When Whitney Gravelle saw reports earlier this week that President Biden might be considering the shutdown of Michigan’s controversial Line 5 pipeline, she was elated.
For years, she and other Native tribal members in the state had been fighting for the decommission of the 68-year-old fossil fuel pipeline, which they say has long violated their tribal rights and risks contaminating the Great Lakes and other lands that their communities depend on for their livelihoods and traditions.
The news reports, denied by White House officials, received fierce criticism from Republicans, who said shutting down such a vital fuel line would only exacerbate the country’s already surging natural gas prices.
While climate and Indigenous activists have applauded Biden’s decision to axe the Keystone XL Pipeline, he’s been widely criticized by the same groups for refusing to do the same with other major U.S.-Canada pipelines, such as Michigan’s Line 5 and Minnesota’s recently completed Line 3.
Owned by Canada-based Enbridge Energy, Line 5 plays a crucial role in Canada’s energy exports and oil refining industry, while also supplying the state of Michigan with more than half of its propane needs. The pipeline delivers up to 540,000 barrels of Canadian crude and other petroleum products every day from Superior, Wisconsin, to Sarnia, Ontario, passing through Michigan’s Upper Peninsula and under the Straits of Mackinac on the way.
Now Line 5 has become the latest symbol for a growing anti-fossil fuel movement in the United States, led by climate activists—who say the country’s network of oil and gas lines play a major role in the rapid warming of the planet—and by Indigenous communities, who warn that any potential spills threaten to contaminate lands where they fish, hunt and gather wild rice—rights guaranteed to them by past treaties.
The notion that President Biden might kill Line 5, the way he did with the Keystone XL pipeline earlier this year, was short lived. On Tuesday, White House officials confirmed that they were studying the possible economic ramifications of shutting down Line 5—as first reported last week by POLITICO—but said they had no intention of doing so.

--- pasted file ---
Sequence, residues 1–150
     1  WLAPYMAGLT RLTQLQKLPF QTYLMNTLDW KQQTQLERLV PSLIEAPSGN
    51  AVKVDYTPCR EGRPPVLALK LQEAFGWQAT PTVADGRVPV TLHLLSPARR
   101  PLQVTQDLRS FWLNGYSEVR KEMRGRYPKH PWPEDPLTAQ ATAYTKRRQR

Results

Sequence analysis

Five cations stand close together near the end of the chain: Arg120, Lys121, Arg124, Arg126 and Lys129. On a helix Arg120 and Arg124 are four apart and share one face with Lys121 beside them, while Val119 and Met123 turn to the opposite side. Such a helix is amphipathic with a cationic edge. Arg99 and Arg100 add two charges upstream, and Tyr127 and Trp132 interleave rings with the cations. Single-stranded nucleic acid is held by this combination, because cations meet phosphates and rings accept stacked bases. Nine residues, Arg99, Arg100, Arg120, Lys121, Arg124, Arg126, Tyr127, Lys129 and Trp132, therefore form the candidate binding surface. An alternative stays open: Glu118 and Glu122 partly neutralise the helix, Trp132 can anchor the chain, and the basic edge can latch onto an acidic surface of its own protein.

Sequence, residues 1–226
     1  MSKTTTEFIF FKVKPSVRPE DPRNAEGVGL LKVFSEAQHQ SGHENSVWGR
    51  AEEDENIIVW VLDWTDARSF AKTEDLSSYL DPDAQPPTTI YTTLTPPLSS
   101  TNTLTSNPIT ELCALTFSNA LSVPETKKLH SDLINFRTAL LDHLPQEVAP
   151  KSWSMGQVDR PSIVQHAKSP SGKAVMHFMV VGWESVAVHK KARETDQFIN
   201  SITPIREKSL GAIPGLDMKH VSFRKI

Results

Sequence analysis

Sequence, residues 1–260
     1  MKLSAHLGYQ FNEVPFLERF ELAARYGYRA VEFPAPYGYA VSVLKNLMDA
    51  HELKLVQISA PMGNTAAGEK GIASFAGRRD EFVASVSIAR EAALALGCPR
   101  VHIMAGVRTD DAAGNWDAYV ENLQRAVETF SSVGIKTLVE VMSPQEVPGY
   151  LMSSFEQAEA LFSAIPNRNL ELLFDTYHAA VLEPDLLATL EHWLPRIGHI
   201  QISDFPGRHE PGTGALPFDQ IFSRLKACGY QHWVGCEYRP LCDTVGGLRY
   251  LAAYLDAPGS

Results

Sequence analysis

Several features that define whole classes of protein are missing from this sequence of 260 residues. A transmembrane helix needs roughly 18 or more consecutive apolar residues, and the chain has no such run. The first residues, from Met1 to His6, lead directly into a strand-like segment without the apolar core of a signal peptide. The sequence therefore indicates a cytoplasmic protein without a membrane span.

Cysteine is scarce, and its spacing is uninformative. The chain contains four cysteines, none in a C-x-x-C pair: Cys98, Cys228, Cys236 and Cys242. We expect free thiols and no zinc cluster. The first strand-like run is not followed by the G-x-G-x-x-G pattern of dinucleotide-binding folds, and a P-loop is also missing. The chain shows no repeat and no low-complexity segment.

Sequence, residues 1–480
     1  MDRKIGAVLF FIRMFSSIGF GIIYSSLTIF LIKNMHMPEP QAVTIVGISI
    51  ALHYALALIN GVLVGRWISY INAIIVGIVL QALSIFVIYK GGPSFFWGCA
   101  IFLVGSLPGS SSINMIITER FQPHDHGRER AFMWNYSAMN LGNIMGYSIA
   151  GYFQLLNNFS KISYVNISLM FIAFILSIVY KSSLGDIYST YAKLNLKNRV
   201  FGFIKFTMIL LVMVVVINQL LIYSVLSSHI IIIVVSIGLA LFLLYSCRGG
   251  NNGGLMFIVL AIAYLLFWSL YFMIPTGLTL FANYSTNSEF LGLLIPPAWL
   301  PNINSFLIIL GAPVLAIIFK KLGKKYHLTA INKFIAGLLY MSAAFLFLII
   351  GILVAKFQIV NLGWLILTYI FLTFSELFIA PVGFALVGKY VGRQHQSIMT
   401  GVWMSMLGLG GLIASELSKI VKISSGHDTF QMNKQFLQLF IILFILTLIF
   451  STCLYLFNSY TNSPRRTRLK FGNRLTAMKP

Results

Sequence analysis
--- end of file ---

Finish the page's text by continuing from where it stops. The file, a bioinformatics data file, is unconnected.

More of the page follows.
Some energy experts say shutting Line 5 down would cause serious political tensions between the United States and its biggest trading partner, Canada. And the recent confusion only highlighted the delicate balancing act President Biden has been performing since taking office with pledges to tackle climate change and environmental injustice, while pursuing bipartisan cooperation. It also underscored the high stakes for the Biden administration, and for other Democrats, as they attempt to pass their massive domestic climate agenda.
As Biden touted America’s reentrance to the world stage as a leader in the global fight against climate change at COP26 last week, all 12 federally recognized Native tribes in Michigan urged the president to demonstrate his commitment to climate action and to uplifting underrepresented voices by supporting the state’s efforts to shut down Line 5.
“During your campaign, you promised that you would heed our concerns and act to protect our fundamental interests,” the tribes wrote in their Nov. 4 letter. “We view Line 5 as an existential threat to our treaty-protected rights, resources, and fundamental way of life as Anishinaabe people of the Great Lakes.”